Starting from no renewable energy in 2005, the plan aims to slightly exceed the country’s 2020 target of 10%. The European Wind Energy Association broadly agrees with Malta’s overall wind capacity target of 109.5MW by 2020 but believes more onshore development is possible. Three wind tenders are planned: a 95MW offshore site for 2016-17 and two onshore totalling 14.5MW for 2012-15.
Charles Yousif, honorary secretary of Malta Energy Efficiency & Renewable Energies Association, says in a paper to be published in March that it is thrilling to see that Malta’s national plan has made a positive move from a relatively dubious forecast to a forward-looking plan. But he warns that many measures need to be defined and a roadmap needs to be devised.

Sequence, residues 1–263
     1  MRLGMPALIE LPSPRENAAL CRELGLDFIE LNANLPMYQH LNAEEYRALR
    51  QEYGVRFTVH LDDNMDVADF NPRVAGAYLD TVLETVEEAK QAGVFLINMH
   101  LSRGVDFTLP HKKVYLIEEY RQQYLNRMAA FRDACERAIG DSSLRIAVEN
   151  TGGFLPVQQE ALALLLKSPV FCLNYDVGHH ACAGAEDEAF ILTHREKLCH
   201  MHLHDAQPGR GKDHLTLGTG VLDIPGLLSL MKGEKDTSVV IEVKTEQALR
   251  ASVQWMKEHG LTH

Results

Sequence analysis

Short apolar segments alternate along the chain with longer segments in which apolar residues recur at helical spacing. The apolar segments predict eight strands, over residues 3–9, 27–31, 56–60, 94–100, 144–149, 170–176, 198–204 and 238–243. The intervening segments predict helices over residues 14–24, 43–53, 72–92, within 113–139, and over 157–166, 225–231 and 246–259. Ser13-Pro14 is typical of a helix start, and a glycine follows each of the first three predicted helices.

In July 2010, Malta introduced tariffs of €0.25/kWh for renewable electricity generated by Maltese residents, €0.28 for residents of the island of Gozo and €0.20 for industrial and commercial entities. Yousif wants a longer-term vision: "These tariffs are only valid for eight years. There is no indication what happens after," he says.